Noura and Mariam quickly became role models for the new generation of girls because of their successes that exceeded expectation.  The new spirit that grew in the new generations of women engendered many tribulations in society that resulted in gradually offering the female group greater equality with men in matters of rights and opportunities. Needless to say that the female counselors suffered immensely from the animosity of their fellow male counselors and from the ruling class and had to fight their ways courageously.  This hard fight against a patriarchal tradition could not but promote many educated females to come to the rescue and support the projects of Mariam and Noura.  The administrations in the ministries of education and health experienced a high rate of female employees compared to the other ministries.


Census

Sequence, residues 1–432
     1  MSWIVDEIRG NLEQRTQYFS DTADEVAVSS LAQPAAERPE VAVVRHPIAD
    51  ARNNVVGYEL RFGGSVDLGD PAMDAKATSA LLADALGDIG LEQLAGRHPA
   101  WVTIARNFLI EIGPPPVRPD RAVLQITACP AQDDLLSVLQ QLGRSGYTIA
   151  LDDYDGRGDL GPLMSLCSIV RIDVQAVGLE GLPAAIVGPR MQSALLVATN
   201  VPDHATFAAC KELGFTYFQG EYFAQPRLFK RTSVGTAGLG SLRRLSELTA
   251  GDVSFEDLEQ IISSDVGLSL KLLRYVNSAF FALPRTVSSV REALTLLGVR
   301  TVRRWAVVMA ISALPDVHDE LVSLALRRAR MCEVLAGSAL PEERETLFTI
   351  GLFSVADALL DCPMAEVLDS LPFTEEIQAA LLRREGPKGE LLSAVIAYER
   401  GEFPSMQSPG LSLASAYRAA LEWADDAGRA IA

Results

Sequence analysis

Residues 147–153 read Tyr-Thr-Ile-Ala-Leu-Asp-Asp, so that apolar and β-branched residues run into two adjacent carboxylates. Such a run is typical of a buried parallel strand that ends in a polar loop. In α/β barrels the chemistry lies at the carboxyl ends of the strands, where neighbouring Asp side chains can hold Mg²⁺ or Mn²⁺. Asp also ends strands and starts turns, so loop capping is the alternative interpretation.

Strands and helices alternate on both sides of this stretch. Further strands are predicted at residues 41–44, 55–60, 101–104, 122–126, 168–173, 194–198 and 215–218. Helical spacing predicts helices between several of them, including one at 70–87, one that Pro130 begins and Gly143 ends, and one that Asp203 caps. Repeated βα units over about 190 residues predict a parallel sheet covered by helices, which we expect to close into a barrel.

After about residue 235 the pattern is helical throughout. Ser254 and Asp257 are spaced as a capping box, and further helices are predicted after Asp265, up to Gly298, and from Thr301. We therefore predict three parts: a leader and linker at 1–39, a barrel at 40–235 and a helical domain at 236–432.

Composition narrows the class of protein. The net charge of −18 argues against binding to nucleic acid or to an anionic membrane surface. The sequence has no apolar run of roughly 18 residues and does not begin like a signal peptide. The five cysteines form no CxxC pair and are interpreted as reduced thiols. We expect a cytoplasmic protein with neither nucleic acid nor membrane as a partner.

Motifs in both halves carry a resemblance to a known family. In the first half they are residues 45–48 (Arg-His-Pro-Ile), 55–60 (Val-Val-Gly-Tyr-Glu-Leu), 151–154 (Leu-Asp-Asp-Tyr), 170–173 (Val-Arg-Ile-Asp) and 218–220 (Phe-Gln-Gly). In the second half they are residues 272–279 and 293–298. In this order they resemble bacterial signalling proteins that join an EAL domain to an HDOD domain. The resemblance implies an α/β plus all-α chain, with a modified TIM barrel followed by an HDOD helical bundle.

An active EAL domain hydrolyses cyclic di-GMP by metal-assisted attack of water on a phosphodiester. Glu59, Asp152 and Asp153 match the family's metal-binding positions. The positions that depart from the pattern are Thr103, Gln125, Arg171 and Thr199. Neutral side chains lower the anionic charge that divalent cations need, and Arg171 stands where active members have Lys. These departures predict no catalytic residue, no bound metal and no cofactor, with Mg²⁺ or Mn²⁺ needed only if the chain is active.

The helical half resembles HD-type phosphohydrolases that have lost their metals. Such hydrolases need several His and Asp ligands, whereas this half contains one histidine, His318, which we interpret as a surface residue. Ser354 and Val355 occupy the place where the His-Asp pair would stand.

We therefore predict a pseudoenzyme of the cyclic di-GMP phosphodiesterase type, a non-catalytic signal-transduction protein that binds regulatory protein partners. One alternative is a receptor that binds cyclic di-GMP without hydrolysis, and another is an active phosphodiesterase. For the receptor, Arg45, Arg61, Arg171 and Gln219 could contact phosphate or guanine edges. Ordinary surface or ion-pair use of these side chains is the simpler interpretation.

Not by intention but necessity Antoun formed a reduced cabinet of six official counselors:  ministers for defense, internal security, foreign affairs, agriculture and construction, education, and health and social services.  A census of the kingdom’s resources in manpower and treasures was of paramount importance and scores of educated people who could write were dispatched to communities to collect the necessary data and information. A preliminary census that was not exhaustive by any stretch of the imagination provided a rough estimate of the population.  The county was subdivided into 8 rough districts and census committees were dispatched to meet with the notables of the towns and villages and collect information from available records and recollection on the number of families and average sizes of families and main resources for subsistence.  There were in the Metn County ten thousand families in the average of six persons per family, four major towns of more than 3,000 inhabitants, ten towns of more than 1,500 inhabitants. The concentration was heavier below the altitude of 700 meters with agriculture, cattle, goat and poultry raising and textile the main sources of wealth.